There are many bird species, which include the great Indian hornbill , and Ceylon frogmouth , last recorded in Kerala in 1937. There are also many species of common snake and fish. The reservoirs contain modest numbers of mugger Crocodiles, as well as large stocks of carp, mahseer, tilapia and large indigenous species of murrel

Three main tribal communities live in five different settlements within the sanctuary, namely: Kadas in the Parambikulam , Earthen Dam and Kuriyarkutty colonies; Muduvas in the South-eastern corner of the sanctuary; and Malai-malsars in the Sungam colony. The Kadas formerly relied on minor forest produce, but are now mainly forest labourers, as forest produce is no longer available on the same scale. The Muduvas are mainly agriculturalists, growing rice, corn and ragi etc., but they also collect some minor forest produce. The Malai-malsars are employed as forest labourers, mahoots and guides. They are permitted to fish and cultivate mainly tapioca on a small scale . Land near Kachithodu and at Sungam, in areas of relative wildlife abundance, are under cultivation . Villages which sprang up in the vicinity when the dams were constructed have persisted and expanded. Villagers are dependent on the forests within and around the sanctuary for fuelwood.

There are some 10,000 visitors annually. There are forest resthouses at Thunacadavu, Thellikal and Elathode as well as a hotel run by the Parambikulam Aliyar Project of Tamil Nadu Accommodation may also be found in the Topslip area, a 30-minute drive from Thunacadavu. Boat trips and motor transport for viewing wildlife can also be arranged

Contact Wildlife Warden, Parambikulam Wildlife Sanctuary, Thunacadavu P.O., (via) Pollachi, Palghat District


Situated in the Kundali Hills of the Western Ghats, Silent Valley National Parkat the South-western corner of the Nilgiri Hills in Palghat District. Mannarghat, the nearest town and location of park headquarters, is 40km by road to the South. The park is bounded by Attappadi Reserved Forest to the East, and the vested forests of Palghat Division and Nilambur Division to the South and the West, respectively. The Northern boundary is largely contiguous to the Nilgiri Forests.

The Silent Valley Forests, locally known as 'Sairandhrivanam' and considered by many to be one of the last representative tracts of virgin tropical evergreen forest in India.This forest is spread over an area of 8,951.65 hectares. The Park is contiguous to the proposed Karimpuzha National Park (22,500ha) in the north and to Mukurthi Sanctuary (7,846ha) to the Northeast in Tamil Nadu. Height Rrnges from 658m to 2,383m . Most of the park lies between 880mand 1,200m High peaks such as Anginda (2,383m), Sispara (2,206m) and Kozhipara (1,904m) are to the Northern part of the park.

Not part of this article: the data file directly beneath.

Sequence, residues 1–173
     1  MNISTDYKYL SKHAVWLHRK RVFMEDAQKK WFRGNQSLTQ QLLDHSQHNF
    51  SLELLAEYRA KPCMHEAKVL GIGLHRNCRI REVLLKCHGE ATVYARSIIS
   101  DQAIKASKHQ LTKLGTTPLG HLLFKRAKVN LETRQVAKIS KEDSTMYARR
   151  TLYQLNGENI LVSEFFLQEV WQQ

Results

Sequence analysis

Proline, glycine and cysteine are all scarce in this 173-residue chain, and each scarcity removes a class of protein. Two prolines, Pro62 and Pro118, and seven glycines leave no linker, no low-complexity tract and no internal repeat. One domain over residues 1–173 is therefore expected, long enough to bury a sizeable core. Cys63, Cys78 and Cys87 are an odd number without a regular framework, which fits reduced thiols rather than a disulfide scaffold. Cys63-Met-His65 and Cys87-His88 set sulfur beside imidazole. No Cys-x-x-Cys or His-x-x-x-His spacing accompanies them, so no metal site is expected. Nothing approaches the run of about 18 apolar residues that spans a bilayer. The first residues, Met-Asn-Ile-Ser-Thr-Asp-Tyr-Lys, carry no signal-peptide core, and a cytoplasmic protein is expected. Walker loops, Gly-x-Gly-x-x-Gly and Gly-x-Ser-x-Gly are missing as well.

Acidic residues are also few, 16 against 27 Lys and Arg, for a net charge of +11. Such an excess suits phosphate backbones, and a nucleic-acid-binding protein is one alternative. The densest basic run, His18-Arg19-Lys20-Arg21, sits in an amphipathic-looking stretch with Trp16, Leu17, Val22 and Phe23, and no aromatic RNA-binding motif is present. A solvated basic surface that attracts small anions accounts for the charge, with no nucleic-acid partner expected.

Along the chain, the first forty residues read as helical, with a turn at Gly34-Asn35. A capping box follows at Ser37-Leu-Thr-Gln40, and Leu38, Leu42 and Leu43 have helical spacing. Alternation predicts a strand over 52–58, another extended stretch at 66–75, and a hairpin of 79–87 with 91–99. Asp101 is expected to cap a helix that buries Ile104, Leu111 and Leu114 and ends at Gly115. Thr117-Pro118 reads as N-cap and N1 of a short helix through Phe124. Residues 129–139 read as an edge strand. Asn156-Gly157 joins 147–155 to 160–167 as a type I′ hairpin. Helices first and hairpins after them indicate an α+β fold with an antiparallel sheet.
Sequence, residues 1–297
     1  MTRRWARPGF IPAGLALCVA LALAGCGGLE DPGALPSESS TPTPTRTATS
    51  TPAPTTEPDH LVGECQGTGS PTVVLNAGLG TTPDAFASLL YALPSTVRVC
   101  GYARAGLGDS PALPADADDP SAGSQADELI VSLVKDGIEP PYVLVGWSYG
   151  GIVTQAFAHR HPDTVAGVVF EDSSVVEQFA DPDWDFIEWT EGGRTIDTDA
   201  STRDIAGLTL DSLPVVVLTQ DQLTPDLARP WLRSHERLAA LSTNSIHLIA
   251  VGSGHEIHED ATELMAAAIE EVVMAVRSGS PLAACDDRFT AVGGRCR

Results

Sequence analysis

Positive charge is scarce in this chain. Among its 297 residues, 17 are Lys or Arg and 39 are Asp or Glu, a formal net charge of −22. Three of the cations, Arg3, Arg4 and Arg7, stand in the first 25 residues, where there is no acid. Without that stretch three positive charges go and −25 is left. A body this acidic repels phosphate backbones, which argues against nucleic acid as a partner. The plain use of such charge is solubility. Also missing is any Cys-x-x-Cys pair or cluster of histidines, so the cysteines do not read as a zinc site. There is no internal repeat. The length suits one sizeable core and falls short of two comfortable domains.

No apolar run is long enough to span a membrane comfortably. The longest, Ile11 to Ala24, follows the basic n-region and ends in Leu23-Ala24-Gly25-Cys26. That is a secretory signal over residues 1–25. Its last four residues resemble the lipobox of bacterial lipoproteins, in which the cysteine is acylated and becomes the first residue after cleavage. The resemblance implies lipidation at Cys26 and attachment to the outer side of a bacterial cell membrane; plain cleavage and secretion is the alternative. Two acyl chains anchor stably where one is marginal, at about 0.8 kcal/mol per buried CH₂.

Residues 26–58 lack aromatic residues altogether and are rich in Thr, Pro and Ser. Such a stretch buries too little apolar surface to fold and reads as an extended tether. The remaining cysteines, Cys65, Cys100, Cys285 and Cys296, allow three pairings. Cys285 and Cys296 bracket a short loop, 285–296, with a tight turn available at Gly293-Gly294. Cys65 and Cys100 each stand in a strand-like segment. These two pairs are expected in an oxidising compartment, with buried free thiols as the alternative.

Silent Valley is a rectangular tableland enclosed by a high contiguous ridge along its northern and eastern borders and by a lower, irregular ridge along its Western and Southern borders. It is flanked by steep escarpments to the South and West, which descend some 1,000m to the plains of Kerala and by sheer cliffs to the North and East which rise a further 1,000m to the Upper Nilgiri Plateau. Kuntipuzha River flows Southwards through the entire 15km length of the park, dividing it into a narrow western sector of less than 2km and a wider eastern sector of 5km. The valley is drained by five main tributaries of the Kuntipuzha, which originate near the Eastern border and flow Westwards. Only a few minor streams drain into the Kuntipuzha from the Western sector. The river is uniformly shallow, with no flood plains or meanders. Its bed falls from 1,861m to 900m over a distance of 12km, the last 8km being particularly level with a fall of only 60m. Kuntipuzha is one of the less torrential rivers of the Western Ghats, with a pesticide-free catchment area. Soils are blackish and slightly acidic in evergreen forests where there is good accumulation of organic matter. The underlying rock in the area is granite with schists and gneiss, which give rise to the loamy laterite soils on slopes

Climatic conditions vary greatly, becoming progressively wetter with increasing altitude and diminishing from West to East due to rainshadow effects. Prevailing winds are from the West and Southwest in April-September and from the East in October-March. Most rain (80%) falls during the south-west monsoon from June to September, and least in December and January. Rainfall is significant during the Northeast monsoon, from October to November. Mean annual rainfall based on data for 1965-1973 is 3180mm, with a range of 2800-3450mm